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2024/25 Undergraduate Module Catalogue

PHIL2906 Do the Right Thing: Topics in Moral Philosophy

20 creditsClass Size: 120

Module manager: Gerald Lang

Taught: Semester 1 (Sep to Jan) View Timetable

Year running 2024/25

Pre-requisite qualifications

PHIL1080 The Good, the Bad, the Right, the
Wrong or PHIL1555 Philosophy for PPE

Module replaces

PHIL2322 Moral Philosophy

This module is not approved as a discovery module

Module summary

This module introduces students to central concepts, theories, and debates across moral philosophy, thereby providing them with a framework for thinking seriously about ethical issues and assisting them in developing their analytical thinking skills. The philosophical topics, approaches, and texts covered throughout the module supplies students with important tools for thinking about how we ought to live and what we morally owe to one another.


Students taking this module will gain a solid understanding of central issues, arguments, and theories in moral philosophy and engage with key debates across moral philosophy through classroom discussions, independent research, and the careful study of key texts. The module provides students with key skills in interpreting and evaluating opposing views across moral philosophy.

Learning outcomes
On successful completion of the module students will be able to:

1. Construct rationally persuasive arguments for or against moral conclusions.

2. Apply knowledge of concepts, theories, and ideas from moral philosophy in new contexts.

3. Clearly communicate an understanding of key ethical texts and issues through accurate description of source material in written work.

4. Demonstrate an independence of mind by critically investigating, analysing, and critiquing ideas and theories in moral philosophy in innovative ways.

Skills Learning Outcomes
On successful completion of the module students will have demonstrated the following skills learning outcomes:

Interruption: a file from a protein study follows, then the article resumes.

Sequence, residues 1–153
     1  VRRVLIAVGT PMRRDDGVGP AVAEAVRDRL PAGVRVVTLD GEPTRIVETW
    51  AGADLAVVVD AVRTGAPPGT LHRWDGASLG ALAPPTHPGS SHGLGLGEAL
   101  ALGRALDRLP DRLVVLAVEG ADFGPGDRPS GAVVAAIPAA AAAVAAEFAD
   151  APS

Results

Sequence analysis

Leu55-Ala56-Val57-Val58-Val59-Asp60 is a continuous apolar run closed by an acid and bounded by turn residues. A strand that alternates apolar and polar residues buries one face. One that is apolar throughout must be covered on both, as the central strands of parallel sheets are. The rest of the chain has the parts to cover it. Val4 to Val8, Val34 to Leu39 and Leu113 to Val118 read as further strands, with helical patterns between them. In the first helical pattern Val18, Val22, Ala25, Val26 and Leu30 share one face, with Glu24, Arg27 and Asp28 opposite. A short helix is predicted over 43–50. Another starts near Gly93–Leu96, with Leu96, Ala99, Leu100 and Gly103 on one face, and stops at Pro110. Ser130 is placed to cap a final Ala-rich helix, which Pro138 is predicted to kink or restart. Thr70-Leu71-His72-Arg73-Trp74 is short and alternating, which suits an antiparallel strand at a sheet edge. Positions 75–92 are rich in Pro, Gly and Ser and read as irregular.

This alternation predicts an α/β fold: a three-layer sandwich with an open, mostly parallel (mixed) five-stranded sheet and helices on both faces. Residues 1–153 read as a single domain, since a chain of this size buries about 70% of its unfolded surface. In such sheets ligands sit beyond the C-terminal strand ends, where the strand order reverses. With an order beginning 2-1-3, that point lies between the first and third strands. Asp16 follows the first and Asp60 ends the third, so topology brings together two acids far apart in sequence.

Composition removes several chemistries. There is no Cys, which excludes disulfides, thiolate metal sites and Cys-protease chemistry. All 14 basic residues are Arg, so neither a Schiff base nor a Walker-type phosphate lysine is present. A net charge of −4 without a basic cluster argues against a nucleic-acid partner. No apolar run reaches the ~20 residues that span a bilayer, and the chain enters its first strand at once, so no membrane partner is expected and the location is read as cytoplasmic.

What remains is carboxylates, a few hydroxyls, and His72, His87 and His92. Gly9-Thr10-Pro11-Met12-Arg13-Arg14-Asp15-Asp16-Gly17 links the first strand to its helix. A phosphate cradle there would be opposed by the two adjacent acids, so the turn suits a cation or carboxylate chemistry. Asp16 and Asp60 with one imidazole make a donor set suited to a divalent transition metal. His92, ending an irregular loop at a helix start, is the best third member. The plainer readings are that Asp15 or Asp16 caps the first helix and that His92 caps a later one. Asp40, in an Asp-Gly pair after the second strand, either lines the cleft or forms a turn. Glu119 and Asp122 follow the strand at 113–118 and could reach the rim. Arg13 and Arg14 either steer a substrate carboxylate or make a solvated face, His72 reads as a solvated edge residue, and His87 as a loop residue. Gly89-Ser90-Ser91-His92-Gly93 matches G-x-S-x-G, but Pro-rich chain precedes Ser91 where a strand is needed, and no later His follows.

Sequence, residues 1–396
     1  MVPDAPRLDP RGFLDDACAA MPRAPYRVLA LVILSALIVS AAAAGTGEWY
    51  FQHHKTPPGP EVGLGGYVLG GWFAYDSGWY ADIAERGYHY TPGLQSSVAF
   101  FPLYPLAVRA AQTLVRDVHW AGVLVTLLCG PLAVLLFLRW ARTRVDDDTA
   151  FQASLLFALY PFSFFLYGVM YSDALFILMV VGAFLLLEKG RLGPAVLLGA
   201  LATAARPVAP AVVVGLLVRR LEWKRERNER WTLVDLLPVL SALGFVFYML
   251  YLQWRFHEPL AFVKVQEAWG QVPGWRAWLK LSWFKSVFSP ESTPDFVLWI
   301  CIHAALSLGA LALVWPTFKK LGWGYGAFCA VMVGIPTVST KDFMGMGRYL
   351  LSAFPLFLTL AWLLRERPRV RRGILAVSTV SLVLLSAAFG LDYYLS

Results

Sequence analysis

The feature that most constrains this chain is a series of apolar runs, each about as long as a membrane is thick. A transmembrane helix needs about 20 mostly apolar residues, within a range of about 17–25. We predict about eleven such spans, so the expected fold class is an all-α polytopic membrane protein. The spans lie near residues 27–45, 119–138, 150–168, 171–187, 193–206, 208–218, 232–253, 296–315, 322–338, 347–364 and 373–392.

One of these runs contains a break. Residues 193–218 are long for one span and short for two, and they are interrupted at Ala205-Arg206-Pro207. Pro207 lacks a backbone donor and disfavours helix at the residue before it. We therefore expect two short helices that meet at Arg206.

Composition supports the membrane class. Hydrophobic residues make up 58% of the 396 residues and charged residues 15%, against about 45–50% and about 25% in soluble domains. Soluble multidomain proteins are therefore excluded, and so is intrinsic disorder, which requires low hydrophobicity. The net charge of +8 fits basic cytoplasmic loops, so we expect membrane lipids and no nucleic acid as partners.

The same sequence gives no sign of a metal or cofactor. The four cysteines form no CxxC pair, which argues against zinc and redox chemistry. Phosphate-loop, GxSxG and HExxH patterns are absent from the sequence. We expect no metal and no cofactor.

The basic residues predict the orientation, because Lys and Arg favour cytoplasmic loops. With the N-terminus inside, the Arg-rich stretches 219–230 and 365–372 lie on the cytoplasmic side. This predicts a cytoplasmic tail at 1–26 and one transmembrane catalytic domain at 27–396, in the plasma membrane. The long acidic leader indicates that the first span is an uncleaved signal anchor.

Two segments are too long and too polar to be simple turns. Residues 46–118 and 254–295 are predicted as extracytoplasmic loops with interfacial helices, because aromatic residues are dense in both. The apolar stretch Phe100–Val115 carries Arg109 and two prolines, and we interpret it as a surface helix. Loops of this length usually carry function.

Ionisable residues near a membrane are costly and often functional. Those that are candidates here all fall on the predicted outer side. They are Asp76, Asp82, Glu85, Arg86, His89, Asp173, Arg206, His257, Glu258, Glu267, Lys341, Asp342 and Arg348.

5. Communicate ideas and understanding clearly and concisely, using appropriate academic language (Academic and Work Ready skill)

6. Critically analyse source material and demonstrate independence of thought (Academic and Work Ready skill)

7. Search for appropriate material to support knowledge and analysis of topics (Academic, Work Ready, Digital and Sustainability skill)

8. Conform to standards of academic integrity including when and how to appropriately acknowledge someone else’s work (Academic and Work Ready skill)


The module covers a variety of questions and issues across moral philosophy. For example, the module may cover topics such as the nature of well-being, the badness of death, our duties to future generations, collective wrongdoing, supererogation, moral luck, and forgiveness.

Teaching methods

Delivery typeNumberLength hoursStudent hours
Private study hours176.00
Total Contact hours24.00
Total hours (100hr per 10 credits)200.00

Opportunities for Formative Feedback

Formative assessment in this module is designed to facilitate (i) differentiated instruction, (ii) active student reflection on skills development, and (iii) student choice. In addition to the formative feedback available to students in office hours and seminar-based activities, students are invited to complete one piece of formative work which will receive written feedback. In this module, students are given three options:

1. Essay plan
2. Literature review
3. Exposition and critique of a philosophical argument or position

By giving students a choice, this formative assessment takes account of variations in prior knowledge and skill development, and it enables the instructor to respond to students’ individual needs. It also builds students’ academic self-conception and encourages them to take ownership over their intellectual development. To do this, and to ensure that students get the formative feedback they need, each student is required to select an option after critical reflection on the skills that they judge they most need to work on. They are asked to read and reflect on (i) the feedback they received in previous summative assessments, (ii) the PRHS marking criteria for their upcoming summative assessment, and (iii) the specific guidance provided on the summative assessment in this module. These exercises encourage students to engage with previous feedback, think about current expectations, and take an active role in honing their knowledge and skill development.

Methods of assessment

Assessment typeNotes% of formal assessment
Essay3,000-word essay100.00
Total percentage (Assessment Coursework)100.00

Normally resits will be assessed by the same methodology as the first attempt, unless otherwise stated

Reading list

The reading list is available from the Library website

Last updated: 29/04/2024 16:19:43


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